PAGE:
Momentum is very important to drive competitive voice, as Kim explains. With that in mind, it’s important to think about engaging the media through campaign cycles and developing follow-up stories, or as Kim put it, “long-form content” that continuously feeds media professionals different viewpoints.

 How Agenda-Setting Feeds Share of Discussion

Remember – share of discussion is based on quality and quantity, but the former wears the pants. As media attention focuses on the content your brand is creating, you’ll gain more of that share over time. The results of this classic study of a business-to-business software company, for example, are telling.

Leveraging Agenda-Setting to Earn Your Share of Discussion

As shared discussion increased, sales professionals were more likely to close deals three months after a media spike. The idea, however, is not to rise and fall in media attention, but to sustain an even share. In this instance, as in most, to leverage an agenda-setting strategy it’s important to understand where competitors have a stronghold, where they are weakest and to capitalize on that weak link with original, newsworthy content.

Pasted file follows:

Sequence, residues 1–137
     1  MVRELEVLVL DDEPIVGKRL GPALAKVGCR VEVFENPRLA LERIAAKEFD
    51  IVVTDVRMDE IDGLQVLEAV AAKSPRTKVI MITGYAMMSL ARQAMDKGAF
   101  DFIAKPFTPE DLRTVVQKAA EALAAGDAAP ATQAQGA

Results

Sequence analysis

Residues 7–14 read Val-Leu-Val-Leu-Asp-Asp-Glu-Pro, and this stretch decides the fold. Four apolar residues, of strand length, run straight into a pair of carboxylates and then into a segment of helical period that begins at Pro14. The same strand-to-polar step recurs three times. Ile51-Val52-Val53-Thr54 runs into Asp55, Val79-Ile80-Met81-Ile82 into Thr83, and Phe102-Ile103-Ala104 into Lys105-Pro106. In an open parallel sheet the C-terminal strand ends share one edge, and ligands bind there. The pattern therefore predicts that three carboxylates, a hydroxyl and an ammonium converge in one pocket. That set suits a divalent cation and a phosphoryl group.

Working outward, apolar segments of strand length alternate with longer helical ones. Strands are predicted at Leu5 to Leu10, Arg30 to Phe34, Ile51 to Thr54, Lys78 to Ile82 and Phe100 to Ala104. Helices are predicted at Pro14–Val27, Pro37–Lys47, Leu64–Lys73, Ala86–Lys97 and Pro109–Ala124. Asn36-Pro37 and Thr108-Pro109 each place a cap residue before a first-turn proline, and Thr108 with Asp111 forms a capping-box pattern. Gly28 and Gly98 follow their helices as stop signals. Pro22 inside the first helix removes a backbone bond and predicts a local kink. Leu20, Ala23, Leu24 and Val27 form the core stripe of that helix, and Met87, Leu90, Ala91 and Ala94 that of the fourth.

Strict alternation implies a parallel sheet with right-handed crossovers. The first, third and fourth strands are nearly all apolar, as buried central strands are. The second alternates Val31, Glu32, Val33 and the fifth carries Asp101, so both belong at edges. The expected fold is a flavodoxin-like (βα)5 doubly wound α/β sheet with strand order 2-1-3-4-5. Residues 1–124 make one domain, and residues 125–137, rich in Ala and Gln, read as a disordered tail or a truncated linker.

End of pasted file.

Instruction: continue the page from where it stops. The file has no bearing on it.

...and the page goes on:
This is what Henderson means by charting your own territory. Kim, on the other hand, added to news that was already occurring. He knew Facebook’s IPO announcement would be big news. Even bigger news for his niche would be the thing that makes Facebook a viable business – advertising. It’s clear Kim knew the IPO wasn’t news that would impact his company’s brand, but a side-by-side analysis of the two largest digital advertising platforms would make an impact. Moreover, the news was timely.

As you work with agencies and internal marketing teams, think about earned media in campaign cycles that revolve around major events and tie them to your industry and your brand. Make them immediate, situational and newsworthy. Find different angles that put your business at the epicenter. That’s what “being what people want to consume” means.

How does your organization earn its share of discussion?